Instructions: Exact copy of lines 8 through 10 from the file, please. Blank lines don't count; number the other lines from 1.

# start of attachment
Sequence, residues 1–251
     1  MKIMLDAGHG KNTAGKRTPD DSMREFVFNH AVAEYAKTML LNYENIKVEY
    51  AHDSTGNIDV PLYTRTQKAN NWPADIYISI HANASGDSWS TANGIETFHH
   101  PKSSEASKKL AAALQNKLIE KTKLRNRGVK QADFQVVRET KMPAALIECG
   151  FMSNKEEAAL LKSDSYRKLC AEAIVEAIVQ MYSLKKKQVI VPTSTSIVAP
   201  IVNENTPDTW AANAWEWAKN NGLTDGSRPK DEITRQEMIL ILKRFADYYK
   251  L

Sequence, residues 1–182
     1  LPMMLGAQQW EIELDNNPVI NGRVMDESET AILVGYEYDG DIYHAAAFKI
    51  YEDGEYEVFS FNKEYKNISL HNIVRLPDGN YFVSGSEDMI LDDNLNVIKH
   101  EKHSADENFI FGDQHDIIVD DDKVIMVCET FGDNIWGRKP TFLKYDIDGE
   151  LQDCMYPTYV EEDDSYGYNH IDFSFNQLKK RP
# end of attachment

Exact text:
Sequence, residues 1–182
     1  LPMMLGAQQW EIELDNNPVI NGRVMDESET AILVGYEYDG DIYHAAAFKI
    51  YEDGEYEVFS FNKEYKNISL HNIVRLPDGN YFVSGSEDMI LDDNLNVIKH